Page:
Sony, Nokia and Philips Electronics have teamed together to promote a new technology dubbed Near Field Communication (NFC), which they claim will enable a range of touch-based interactions in consumer electronics, PCs and mobile devices.
The companies announced the NFC Forum at the show, aiming to promote standards and applications for the new technology, jointly developed by Sony and Philips.
NFC uses radio frequency identification (RFID) interconnection tech-nology, the companies said.
Operating in the 13.56MHz range, the technology allows users to transfer data over a few centimetres.
The companies are hoping to spur broad adoption of the technology, which would allow a mobile phone user to touch a device to a friend’s digital camera, for example, and transfer a digital image.
For larger data transfers, NFC would be complemented by other wireless technologies, such as Bluetooth. RFID would initiate the data transfer through the touch “handshake” and Bluetooth could then complete the data transfer between the devices at a greater distance than that allowed by NFC, they said.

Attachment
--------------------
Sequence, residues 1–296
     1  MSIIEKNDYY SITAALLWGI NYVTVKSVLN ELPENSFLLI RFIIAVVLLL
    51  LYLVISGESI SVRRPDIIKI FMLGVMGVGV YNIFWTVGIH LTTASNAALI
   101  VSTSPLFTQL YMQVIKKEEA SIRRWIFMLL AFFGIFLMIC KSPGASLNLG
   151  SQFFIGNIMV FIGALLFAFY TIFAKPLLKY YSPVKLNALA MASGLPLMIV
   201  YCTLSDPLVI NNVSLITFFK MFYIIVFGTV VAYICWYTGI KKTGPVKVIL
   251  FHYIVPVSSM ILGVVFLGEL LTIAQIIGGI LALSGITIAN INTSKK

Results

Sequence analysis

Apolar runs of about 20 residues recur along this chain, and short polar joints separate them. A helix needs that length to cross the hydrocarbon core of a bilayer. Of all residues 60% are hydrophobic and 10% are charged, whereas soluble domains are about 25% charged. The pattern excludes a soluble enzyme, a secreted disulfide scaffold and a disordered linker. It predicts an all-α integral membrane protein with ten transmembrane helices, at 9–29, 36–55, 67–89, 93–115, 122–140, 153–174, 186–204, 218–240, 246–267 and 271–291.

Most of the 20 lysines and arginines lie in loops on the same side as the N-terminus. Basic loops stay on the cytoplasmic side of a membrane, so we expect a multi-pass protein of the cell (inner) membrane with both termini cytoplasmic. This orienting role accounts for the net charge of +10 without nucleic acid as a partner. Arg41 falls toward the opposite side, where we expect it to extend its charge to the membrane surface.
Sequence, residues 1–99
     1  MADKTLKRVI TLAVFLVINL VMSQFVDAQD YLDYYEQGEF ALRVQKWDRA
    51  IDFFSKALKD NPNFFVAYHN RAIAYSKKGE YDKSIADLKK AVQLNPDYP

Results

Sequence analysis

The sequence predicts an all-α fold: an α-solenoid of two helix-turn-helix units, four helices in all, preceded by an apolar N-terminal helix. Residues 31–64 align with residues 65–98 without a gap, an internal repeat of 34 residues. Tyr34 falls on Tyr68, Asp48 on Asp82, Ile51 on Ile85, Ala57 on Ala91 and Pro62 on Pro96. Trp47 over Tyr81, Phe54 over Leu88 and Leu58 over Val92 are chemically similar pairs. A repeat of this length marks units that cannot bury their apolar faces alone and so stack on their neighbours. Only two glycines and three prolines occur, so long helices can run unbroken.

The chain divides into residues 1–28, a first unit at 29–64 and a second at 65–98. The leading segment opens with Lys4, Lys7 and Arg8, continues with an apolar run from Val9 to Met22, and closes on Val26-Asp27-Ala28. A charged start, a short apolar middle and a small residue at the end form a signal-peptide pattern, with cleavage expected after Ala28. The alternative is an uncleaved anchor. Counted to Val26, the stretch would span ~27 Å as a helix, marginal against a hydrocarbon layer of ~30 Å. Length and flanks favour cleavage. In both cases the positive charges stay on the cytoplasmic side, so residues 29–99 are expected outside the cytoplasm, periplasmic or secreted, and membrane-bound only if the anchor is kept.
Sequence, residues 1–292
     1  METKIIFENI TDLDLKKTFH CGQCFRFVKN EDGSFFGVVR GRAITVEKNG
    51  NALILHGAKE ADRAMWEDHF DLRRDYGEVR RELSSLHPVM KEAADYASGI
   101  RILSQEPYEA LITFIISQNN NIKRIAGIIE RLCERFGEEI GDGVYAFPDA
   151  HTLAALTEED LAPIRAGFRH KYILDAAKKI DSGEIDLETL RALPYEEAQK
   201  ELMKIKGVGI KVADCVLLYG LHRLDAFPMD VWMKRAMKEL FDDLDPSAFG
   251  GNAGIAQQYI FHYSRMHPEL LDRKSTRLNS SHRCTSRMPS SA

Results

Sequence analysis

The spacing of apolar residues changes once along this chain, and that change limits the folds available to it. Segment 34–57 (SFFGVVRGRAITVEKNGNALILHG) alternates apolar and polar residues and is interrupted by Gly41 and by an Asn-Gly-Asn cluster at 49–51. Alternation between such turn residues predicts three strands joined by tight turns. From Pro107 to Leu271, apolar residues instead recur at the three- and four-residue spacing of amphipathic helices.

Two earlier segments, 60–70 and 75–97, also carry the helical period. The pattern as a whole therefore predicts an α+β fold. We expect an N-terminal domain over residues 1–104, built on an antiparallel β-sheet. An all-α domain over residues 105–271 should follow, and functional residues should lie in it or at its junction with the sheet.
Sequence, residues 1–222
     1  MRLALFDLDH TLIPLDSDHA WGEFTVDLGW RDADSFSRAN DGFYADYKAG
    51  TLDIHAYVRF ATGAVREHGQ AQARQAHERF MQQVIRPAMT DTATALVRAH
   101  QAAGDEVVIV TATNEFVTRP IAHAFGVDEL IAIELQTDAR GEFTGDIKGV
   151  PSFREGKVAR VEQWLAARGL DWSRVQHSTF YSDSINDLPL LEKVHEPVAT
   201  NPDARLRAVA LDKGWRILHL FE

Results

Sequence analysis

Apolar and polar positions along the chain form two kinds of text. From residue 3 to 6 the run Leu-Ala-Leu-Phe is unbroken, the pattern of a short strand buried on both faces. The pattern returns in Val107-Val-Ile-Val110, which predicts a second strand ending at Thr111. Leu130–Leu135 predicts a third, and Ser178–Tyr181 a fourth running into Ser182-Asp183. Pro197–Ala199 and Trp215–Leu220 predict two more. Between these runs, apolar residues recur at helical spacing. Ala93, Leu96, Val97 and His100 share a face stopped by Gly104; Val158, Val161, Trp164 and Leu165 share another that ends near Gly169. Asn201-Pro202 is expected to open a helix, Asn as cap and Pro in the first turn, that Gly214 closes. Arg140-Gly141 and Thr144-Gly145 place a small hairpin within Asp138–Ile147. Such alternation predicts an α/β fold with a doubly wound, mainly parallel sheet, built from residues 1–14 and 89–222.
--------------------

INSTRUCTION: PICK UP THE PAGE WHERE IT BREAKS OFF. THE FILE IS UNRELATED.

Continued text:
NFC also works with contact-less smart card technology, such as the FeliCa cards Sony developed for payment applications and electronic ticketing in public transport.
It can be used for payment purposes, allowing users to, for instance, touch their mobile devices to a PC to buy music from an Internet portal.
“This easy and intuitive interaction between electronic devices changes the way information and services are accessed by consumers,” senior vice-president of Philips Semiconductors, Peter Baumgartner, said.
Because NFC operates in conjunction with smart cards, Bluetooth, infrared and other wireless technologies, the forum founders did not see NFC replacing existing technologies, but working alongside them, the companies said.
Sony, Nokia and Philips were inviting other companies to join the forum.
The group expected the first NFC application to be launched later this year, allowing consumers to more easily install a WiFi network in their home.
The group is working with broadband service providers to offer a smart card containing broadband and network settings that can then be swiped past a NFC-enabled WiFi base station, and any NFC-enabled devices in their home to swiftly configure their networks, the companies said.